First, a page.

As a client to whom we have provided advice regarding compliance with the United States Foreign Corrupt Practices Act, we wanted to inform you of developments under German law with respect to the upcoming World Cup soccer matches that may be of interest to you.
Under German law, the issue of providing free World Cup tickets to German government officials is very sensitive. Recently, at least one company has been prosecuted for offering such tickets to German government officials. The outcome of that case is not yet settled. In addition, the German government has internally cautioned officials neither to accept such tickets nor to purchase them from sponsors at their regular price (the latter due to the enormous demand for tickets, which makes it almost impossible to acquire them via regular channels).
The German government's internal guidelines, which govern offers of hospitality to German officials, are interpreted much more strictly with regard to World Cup tickets than in other cases. Generally, government officials are required to ask for prior approval by their employer before they accept any gift (including free tickets) relating to their service, whenever such gifts are worth more than 25 Euros ($30 US). The rules completely prohibit, however, certain gifts (such as cash). Under the guidelines, business entertainment must be customary and reasonable. See Internal Guidelines on the Prohibition of Accepting Rewards or Presents for Federal Employees (Rundschreiben zum Verbot der Annahme von Belohnungen oder Geschenken) (November 8, 2004). Although no formal restrictions apply to members of the German federal or state parliaments, there is likely to be similar concern about offering World Cup tickets to members of parliament. Given the enormous interest in the World Cup, German authorities seem to fear a public discussion about "free rides" by government officials.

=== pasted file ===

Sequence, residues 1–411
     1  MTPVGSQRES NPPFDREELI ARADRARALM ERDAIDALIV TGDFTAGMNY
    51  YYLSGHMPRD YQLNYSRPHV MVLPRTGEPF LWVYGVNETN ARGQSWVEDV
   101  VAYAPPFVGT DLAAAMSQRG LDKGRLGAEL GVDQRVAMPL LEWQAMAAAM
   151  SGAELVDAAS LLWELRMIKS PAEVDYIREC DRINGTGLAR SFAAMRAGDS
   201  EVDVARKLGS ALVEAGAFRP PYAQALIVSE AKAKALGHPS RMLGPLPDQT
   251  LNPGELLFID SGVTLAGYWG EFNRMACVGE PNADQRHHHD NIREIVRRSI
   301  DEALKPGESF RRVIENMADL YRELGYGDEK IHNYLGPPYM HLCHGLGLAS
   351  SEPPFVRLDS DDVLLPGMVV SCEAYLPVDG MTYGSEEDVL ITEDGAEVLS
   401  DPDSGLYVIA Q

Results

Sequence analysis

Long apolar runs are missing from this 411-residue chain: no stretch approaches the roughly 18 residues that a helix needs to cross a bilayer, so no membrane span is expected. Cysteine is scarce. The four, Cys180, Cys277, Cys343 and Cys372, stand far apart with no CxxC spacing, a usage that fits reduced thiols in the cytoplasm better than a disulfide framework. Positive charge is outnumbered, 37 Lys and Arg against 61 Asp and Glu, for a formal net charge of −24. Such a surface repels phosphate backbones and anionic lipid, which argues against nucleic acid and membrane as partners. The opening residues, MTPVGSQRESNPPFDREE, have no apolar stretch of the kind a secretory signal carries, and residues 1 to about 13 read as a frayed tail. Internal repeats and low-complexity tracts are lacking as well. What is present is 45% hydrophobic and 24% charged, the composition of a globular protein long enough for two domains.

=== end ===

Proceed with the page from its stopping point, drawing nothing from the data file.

In light of this debate, many German companies are refraining entirely from offering World Cup tickets as business hospitality to government officials. Others have implemented stringent procedures to ensure prior approval from the official's employer before accepting such tickets and to ensure that taxes are paid on the value of the tickets.
We thought that this information might interest you. Please let us know if you have any questions or want to speak directly with any of WilmerHale's German lawyers.